With mild trepidation, I packed my Alpine Aire Foods Pineapple Orange Chicken meal for a weekend adventure. I had been wanting to try the meal, but when I picked it up a friend of mine warned me that he did not care for the flavor. When questioned, he explained that it had been very bland.
I grabbed the food anyway, figuring that a bland flavor was better than an offensive one. I was being a bit lazy because I didn't want to bother with planning a different meal and purchasing/packaging all the ingredients. I was taking it on an overnight backpacking & alpine climbing trip with Derek. My pack was already up to 35 pounds, and I needed something lightweight but full of calories. This meal would do the trick. Also, I specifically wanted this brand over others because it has fewer artificial ingredients and less sodium.
Derek and I spent Friday afternoon hiking into the Lone Peak Wilderness Area to camp at the base of the Pfeifferhorn. On our way to our campsite, a winter storm rolled in, pelting us with snow and 30 mile per hour wind gusts. By the time we were finally huddled in our tent to make dinner, we were shivering, wet, and in major need of some food.
Derek fired up our MSR Reactor Stove to boil water for the dehydrated meal. We each had a packet which claims to serve two. Based on our usual calorie needs for this kind of trip, we estimated that I would eat 1/2 to 1/3 of my packet and Derek would eat my leftovers plus all of his own.
Our stove is the smallest version, and it could only boil enough for one meal pack at time, so we prepared mine first and Derek’s second. After pouring hot water into my packet, I carefully put the resealed pack upright inside my sleeping bag with me to keep it warm. It also helped heat me up!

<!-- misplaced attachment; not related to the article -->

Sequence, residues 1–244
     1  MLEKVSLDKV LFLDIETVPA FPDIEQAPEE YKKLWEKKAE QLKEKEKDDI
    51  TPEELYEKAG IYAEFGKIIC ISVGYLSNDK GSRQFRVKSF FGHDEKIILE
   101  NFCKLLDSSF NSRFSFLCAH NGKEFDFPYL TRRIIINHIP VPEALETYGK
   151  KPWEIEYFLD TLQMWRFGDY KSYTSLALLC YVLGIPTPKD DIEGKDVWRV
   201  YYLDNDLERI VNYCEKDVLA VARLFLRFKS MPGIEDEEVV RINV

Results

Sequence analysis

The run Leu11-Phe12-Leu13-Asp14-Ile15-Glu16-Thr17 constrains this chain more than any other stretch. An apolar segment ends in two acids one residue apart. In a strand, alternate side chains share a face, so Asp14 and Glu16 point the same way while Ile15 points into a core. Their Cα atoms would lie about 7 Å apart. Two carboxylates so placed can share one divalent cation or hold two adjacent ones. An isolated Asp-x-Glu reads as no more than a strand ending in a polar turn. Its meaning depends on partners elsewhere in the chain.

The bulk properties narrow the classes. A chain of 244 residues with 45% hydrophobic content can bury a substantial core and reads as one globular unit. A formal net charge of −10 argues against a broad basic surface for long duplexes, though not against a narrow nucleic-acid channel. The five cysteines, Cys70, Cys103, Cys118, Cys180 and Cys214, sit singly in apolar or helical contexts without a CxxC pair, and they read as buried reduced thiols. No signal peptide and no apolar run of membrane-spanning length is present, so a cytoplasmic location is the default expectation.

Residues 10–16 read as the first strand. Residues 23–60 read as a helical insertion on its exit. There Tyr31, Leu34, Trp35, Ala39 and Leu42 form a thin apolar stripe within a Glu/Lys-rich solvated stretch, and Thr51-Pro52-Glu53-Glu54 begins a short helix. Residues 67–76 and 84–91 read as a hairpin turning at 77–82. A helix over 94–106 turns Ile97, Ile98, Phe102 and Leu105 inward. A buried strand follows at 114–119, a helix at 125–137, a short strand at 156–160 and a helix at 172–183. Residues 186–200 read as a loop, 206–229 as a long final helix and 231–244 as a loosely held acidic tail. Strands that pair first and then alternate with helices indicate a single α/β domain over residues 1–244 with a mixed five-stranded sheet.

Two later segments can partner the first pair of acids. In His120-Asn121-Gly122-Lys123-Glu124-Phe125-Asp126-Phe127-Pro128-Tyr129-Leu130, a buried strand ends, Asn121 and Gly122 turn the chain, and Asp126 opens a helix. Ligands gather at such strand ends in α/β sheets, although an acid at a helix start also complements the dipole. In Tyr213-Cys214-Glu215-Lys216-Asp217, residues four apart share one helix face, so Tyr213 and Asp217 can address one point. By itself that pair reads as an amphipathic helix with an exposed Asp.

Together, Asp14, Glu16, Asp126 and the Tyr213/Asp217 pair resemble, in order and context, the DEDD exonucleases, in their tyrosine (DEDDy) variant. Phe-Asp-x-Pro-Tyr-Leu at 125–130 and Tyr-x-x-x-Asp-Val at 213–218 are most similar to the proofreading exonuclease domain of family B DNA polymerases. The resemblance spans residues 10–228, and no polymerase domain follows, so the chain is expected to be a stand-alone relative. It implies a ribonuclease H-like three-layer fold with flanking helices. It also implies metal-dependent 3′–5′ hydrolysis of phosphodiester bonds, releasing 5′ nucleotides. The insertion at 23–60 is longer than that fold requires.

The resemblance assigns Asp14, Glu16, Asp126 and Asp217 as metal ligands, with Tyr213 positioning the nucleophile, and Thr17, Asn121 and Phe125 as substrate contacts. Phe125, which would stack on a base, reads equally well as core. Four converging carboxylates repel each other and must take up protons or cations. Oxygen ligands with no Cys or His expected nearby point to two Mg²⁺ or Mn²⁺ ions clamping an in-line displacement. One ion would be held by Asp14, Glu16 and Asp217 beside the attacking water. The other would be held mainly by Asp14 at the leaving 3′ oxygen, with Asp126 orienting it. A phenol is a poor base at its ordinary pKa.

It was a few minutes before the food was ready to eat. My first bite was (as warned) exceptionally bland. I hadn't stirred the food thoroughly (the instructions do say to stir) and soon discovered a couple pieces of food still dehydrated. Realizing my error, I thoroughly stirred my food and told Derek to do the same when he opened his packet.
It was a big challenging to stir without getting your hand messy as the food packets are rather tall. I would say that a long spoon would help or maybe carefully mushing the packet would work better.
After stirring, the flavor was greatly improved. I think the only flavor it lacked was any sort of saltiness, which is actually a good thing for a backpacking trip. Too much salt makes me exceptionally thirsty and that is not good when water has to be melted from snow.
The textures of the pineapple, meat, rice, and peas all felt like fresh food. None of it was mushy or chewy. It also looked like real, natural food – round green peas, yellow chunks of pineapple, cut cubes of white chicken, and grains of rice.
In the end, Derek ate his one packet (two serving sizes) of food, and I ate about 1/2 of mine. The packets were resealable, making it easy to pack out my leftovers.
I would definitely take this meal into the field again, and I recommend it to anyone looking for a lightweight, real food option for backpacking. Just be sure to stir it thoroughly before diving in.